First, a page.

Lord Jagannatha’s 16th Century History
By Pankajanghri das
At the time of Sri Caitanya Mahaprabhu, a devotee named Jagadisha Ganguli lived in a small village near the present-day Mayapur. Jagadisha was a highly elevated Vaishnava and even though he was very old, still every year he would make the 900km journey on foot to Jagannatha Puri on the Bay of Bengal. He would travel with other devotees from Bengal to meet their most dear Lord Caitanya, have darshana of Their Lordships Sri Sri Jagannatha, Baladeva, and Subhadra Devi, and participate in the ecstatic Rathayatra. After four months they would return to their homes in Bengal.
One day Jagadisha’s happiness was ruined. He was stricken with a serious disease that left him totally blind. When he realized that he could no longer see the divine forms of Lord Caitanya and the Jagannatha Deities, he became very depressed. Worse yet, his friends considered the annual pilgrimage to Puri too long and too dangerous for a blind man and they refused to take him along with them. Jagadisha remained in Navadvipa in constant lamentation and despondency. Out of hopelessness he even considered committing suicide.
Then one night Lord Jagannatha appeared to Jagadisha in a dream. The next morning, the Lord told him, when Jagadisha went for his daily bath in the Gaìga a log would touch his head and restore his vision. The Lord told Jagadisha that he should take that log and go to a nearby village where a devotee-carpenter lives. The Lord explained also that the carpenter would refuse the work because he was a leper and had deformed hands. Jagadisha would have to insist, and convince the carpenter to do this work. On completion of this job, the Lord assured, the carpenter’s leprosy would immediately vanish.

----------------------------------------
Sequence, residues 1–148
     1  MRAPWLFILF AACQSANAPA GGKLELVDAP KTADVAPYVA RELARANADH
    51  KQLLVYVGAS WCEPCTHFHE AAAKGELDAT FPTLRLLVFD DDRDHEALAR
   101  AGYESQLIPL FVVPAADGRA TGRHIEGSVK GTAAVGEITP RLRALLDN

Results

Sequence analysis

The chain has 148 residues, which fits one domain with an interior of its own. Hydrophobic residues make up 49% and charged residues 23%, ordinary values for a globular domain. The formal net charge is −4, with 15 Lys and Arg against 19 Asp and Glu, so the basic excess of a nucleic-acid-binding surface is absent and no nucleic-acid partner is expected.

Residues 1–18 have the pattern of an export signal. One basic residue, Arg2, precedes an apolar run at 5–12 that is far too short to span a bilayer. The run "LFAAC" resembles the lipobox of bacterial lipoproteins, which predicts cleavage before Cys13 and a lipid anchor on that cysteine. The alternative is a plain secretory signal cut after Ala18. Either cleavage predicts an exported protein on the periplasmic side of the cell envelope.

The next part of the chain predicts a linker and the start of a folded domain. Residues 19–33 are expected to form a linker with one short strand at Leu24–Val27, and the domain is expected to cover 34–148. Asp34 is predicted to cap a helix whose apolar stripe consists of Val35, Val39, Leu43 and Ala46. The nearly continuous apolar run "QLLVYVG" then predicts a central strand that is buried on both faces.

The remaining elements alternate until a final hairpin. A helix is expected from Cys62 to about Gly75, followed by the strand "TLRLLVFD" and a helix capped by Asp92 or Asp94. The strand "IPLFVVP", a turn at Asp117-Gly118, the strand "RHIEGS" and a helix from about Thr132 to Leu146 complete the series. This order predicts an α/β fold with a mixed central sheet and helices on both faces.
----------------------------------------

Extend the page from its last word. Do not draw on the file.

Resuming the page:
Upon awakening, Jagadisha was amazed at his dream. He immediately left for his morning bath in the Gaìga and became ecstatic when a log touched his head and restored his vision. He took the wood and went to a nearby village, where he searched and searched until he found a leper-carpenter. Jagadisha implored the leper to carve a deity of Lord Jagannatha from the wood, but the carpenter flatly refused. He showed Jagadisha his deformed fingers and asked him, “How is it possible for me to carve the divine form of the Lord with these hands?” But Jagadisha insisted. He explained to the leper that his leprosy would be cured once he finished the carving. Finally the leper agreed.
Jagadisha stayed with the leper as he was working and saw him suffering terribly. Blood and pus oozed from the stumps that were once his fingers and he wanted to quit the work. But Jagadisha encouraged him and enabled him to forget his agony long enough to finish the deity of Lord Jagannatha. The very moment he finished, his leprosy disappeared.
Jagadisha took the deity to a site near the present Jagannatha temple and established His worship there.
A few nights later, Jagadisha had another dream. This time Lord Jagannatha instructed him to take some nearby neem wood to the same carpenter and have him make deities of Subhadra and Balarama. Jagadisha did so and installed Them in the temple next to Lord Jagannatha.
Legend has it that after the demise of Jagadisha Ganguli, the Lord, being dissatisfied with the neglectful state of His worship, decided to end His manifest pastimes. Suddenly there was an outbreak of cholera. The inhabitants of the surrounding area assembled at the temple and prayed to Prabhu Jagannatha to have pity on them and save their lives. That night, Jagannatha came to the head priest in a dream and said, “One of the housewives of the Ganguli family, who is characterless, dared to dishonour me. For this offense everyone in the Ganguli family and the village will die if they do not leave the place.” The next morning the villagers found the members of the Ganguli family dead and immediately deserted the entire area.
Since there was no more worship at the temple, Lord Jagannatha, Subhadra, and Balarama were forgotten, and save for the flat roof over Their heads, the temple fell down around Them and was soon covered by the surrounding jungle.
read Chapter two, Reappearance of Lord Jagannatha, at www. narasimhalila. com